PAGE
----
It is a tragedy that the scale of this crisis is inverse to this Government's puny ambition. Where is the designation of the five to 10 garden cities that are needed over this decade? Where is the increase in income and building capacity for housing associations? Instead, there is a decrease in their ability to raise funds to develop homes. Where is the increase in social housing that we desperately need to meet the needs of 1.6 million people? Instead there is a diversion of funds towards the wrong priorities. In short, we have 200,000 so-called starter homes, instead of 300,000 section 106 actual affordable homes. Right to buy is the second huge assault on affordable housing.

      If we believe that aspiration is right and that the right to own one's home is good and something to work towards, we should be allowing a like-for-like replacement in advance. If, by an act of vandalism, we want to destroy social housing, we should do what the Government are doing.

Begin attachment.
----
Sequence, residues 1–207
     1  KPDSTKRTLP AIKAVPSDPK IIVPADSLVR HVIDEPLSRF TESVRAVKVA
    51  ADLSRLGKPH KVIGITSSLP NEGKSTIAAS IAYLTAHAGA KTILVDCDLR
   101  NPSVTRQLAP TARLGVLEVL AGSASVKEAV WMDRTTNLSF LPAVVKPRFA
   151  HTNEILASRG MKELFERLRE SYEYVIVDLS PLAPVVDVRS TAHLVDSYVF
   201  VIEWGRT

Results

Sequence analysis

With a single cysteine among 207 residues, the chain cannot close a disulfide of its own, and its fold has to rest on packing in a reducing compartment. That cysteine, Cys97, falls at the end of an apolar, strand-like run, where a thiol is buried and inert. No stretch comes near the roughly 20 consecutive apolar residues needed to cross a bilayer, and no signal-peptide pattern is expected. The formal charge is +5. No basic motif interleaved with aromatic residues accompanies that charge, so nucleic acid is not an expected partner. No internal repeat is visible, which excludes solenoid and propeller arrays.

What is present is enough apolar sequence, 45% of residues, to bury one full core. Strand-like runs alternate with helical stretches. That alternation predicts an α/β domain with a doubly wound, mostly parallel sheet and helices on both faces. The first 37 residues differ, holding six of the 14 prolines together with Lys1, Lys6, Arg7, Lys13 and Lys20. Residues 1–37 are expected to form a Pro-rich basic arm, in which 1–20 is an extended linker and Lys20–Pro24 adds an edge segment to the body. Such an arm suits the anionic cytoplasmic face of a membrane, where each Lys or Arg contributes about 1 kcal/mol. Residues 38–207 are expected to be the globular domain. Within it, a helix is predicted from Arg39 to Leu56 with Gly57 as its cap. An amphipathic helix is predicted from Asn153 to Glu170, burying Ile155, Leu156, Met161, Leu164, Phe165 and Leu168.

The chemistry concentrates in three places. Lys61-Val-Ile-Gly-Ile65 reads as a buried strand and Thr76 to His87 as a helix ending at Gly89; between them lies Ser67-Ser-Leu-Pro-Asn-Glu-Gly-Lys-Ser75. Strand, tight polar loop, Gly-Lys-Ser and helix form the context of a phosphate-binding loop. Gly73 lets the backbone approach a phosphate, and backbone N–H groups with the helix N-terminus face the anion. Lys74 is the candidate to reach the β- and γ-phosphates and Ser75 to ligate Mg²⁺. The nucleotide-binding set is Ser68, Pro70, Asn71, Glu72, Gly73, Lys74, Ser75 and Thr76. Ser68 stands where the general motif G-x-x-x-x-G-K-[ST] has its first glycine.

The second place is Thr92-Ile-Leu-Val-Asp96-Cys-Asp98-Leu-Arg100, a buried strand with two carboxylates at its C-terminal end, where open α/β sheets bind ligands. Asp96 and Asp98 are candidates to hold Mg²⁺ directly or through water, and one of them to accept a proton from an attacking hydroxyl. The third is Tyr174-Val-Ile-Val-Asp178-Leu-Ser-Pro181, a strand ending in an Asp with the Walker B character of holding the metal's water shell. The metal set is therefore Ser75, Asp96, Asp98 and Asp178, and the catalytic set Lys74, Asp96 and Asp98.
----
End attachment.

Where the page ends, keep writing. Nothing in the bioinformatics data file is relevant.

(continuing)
The hon. Member for Bromley and Chislehurst (Robert Neill) took offence at those on the Labour Front Bench who used the word "extreme", but this Government's actions towards rural communities are absolutely extreme. If we consider that three in four council houses in South Lakeland are now privately owned, and many are expensive private lets, we realise the damage done to rural Britain, not just in the lakes but in the west country and other parts of the UK. That shows a complete lack of understanding of rural Britain, as well as a failure to tackle the second homes crisis in those areas.

      The Government acknowledged a broken market and made a choice to keep it broken. It is often said that there is nothing more stressful than the time we move home, because it is costly and psychologically difficult. Well, welcome to real Britain everyday life for millions of people who cannot afford their own home. The Government have looked those people in the eye. To govern is to choose, and they have chosen to let those people down. This Bill should fall.